"I would like to see this priest kicked out of ministry, like he should have been when he was found liable for child abuse," Piscitelli said. "According to their own 'zero tolerance' policy, a priest who’s found by a jury trial to be a molester should have been removed and they never did. Instead, they’ve enabled him all these years."
The Oakland diocese said the bishop has no authority to kick Whelan out of the diocese, since he’s not a priest, but working in the school’s back office. The Salesians did not respond to requests for comment.
Problem Priests Moved to Northern California
In addition to the lawsuit, Emens' lawyers Jeff Anderson & Associates released a report containing names of more than 300 clergy it claims were associated with the Archdiocese of Los Angeles who have been accused of sexual misconduct.
Allegations against the priests named in the report are historical, some dating back decades. The names were culled from public records and have been available on sites like Bishop-Accountability.org. Many of the priests were named in the 2007 lawsuit against the Archdiocese of Los Angeles, which was settled for $660 million, but the priests weren’t criminally convicted. Some of the clergy named in the report were subject to other civil lawsuits brought by survivors.
KQED found one priest named in the report — Ernest Martinez — living in retirement at Saints Peter and Paul Church in the North Beach neighborhood of San Francisco. He was named in a civil lawsuit alleging child sexual abuse in the 1960s.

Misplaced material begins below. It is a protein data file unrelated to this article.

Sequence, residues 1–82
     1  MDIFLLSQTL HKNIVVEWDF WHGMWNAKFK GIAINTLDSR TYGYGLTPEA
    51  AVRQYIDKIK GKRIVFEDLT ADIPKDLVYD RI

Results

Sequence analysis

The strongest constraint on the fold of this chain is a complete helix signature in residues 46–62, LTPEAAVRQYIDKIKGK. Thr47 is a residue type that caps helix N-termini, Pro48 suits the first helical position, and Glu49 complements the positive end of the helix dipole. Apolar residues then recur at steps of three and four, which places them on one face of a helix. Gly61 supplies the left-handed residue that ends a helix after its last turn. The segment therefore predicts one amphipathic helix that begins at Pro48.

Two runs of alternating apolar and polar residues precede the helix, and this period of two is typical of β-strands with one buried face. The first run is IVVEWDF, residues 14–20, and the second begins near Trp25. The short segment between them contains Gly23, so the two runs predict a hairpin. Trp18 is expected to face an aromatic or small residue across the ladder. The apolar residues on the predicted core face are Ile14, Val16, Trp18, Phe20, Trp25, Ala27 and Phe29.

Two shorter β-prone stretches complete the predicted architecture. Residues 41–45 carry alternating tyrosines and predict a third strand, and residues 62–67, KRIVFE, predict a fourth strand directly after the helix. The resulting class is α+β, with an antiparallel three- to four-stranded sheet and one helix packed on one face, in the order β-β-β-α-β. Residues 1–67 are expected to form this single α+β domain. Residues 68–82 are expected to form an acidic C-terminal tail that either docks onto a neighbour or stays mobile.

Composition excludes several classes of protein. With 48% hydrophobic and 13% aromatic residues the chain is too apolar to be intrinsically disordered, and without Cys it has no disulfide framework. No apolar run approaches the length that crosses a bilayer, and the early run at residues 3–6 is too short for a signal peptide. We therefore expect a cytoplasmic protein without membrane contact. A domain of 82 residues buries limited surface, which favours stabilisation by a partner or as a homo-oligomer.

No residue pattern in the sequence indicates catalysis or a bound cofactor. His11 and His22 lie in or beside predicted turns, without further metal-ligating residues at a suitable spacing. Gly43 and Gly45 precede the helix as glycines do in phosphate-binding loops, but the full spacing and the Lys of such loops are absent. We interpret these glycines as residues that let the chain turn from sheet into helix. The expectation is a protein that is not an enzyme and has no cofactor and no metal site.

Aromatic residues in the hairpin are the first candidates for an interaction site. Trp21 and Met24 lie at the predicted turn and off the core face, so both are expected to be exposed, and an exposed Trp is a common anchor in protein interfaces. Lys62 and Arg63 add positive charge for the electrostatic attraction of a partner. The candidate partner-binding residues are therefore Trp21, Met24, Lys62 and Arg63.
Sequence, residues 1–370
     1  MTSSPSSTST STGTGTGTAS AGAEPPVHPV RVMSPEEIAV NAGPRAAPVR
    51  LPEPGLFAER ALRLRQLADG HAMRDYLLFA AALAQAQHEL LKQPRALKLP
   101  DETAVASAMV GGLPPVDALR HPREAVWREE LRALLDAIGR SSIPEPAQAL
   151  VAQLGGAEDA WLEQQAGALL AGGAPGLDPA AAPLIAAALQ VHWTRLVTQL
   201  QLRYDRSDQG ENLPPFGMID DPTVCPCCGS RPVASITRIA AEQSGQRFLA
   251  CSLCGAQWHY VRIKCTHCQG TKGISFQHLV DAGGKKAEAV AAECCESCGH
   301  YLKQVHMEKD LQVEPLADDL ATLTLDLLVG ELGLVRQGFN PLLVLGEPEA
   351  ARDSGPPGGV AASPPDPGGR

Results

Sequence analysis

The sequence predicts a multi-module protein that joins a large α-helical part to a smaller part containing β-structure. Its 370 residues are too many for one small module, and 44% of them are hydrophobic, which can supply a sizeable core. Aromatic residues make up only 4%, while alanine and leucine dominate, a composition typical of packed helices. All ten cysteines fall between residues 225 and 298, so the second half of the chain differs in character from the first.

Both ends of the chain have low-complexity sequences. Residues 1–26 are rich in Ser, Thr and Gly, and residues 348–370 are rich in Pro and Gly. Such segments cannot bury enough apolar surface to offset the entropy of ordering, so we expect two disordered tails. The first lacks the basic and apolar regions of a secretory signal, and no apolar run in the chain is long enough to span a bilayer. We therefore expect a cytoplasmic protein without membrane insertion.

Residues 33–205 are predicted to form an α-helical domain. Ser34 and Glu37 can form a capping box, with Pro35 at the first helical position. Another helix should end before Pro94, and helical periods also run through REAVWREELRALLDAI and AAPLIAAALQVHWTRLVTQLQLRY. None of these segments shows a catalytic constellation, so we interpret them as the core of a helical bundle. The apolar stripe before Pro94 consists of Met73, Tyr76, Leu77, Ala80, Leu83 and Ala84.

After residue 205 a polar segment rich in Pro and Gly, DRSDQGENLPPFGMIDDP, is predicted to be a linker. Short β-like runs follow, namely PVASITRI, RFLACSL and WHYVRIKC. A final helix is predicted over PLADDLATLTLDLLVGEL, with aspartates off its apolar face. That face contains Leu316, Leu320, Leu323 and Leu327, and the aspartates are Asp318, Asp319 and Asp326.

“There was an accusation against Brother Martinez in 2003. The Salesian Review Board reviewed it and did not determine the accusation to be credible," said Sam Singer, a spokesman for the Salesian Order of California, in an email to KQED. "Brother Martinez is retired, and lives at St. Peter and Paul Church." KQED has requested information on how the allegations were determined to be unsubstantiated by the Salesian Review Board.
Br. Ernest Martinez was included on the list of accused priests in the 2004 "Report to the People of God," a look at more than 70 years of the history of sexual abuse in the LA Archdiocese, issued by Cardinal Roger Mahoney. Br. Martinez is also in the LA Times database of accused priests, having been named in a civil lawsuit.
Two priests named in the report — Kain and Prochnow — were listed as living at the San Damiano Retreat in Danville, according to the Official Catholic Directory in 2015. The directory lists Stephen Kain and "Josef Prochnow" in residence. Prochnow’s first name appears to be different in the directory than in the lawsuits.
Established in 1961, the bucolic campus sits atop a hill in the East Bay suburb and is run by Franciscan Friars of the order of Saint Barbara. The retreat's director, Peter Wise, wrote in an email that the two priests have never "reported to me or been part of the staff during my time at San Damiano Retreat." Wise began "helping out" at the retreat in 2017, he said in an email.
But when a reporter called the retreat and asked to speak to one of the priests by name, an operator said, "sure" and patched her through without question. The call went to voicemail. The voice on the message didn't give his name.
Father David Gaa, the provincial minister of the Province of Saint Barbara, said that Prochnow and Kain lived in Northern California but wouldn't confirm their location. Gaa said that they are in their 70s, are constantly monitored and don't work with children.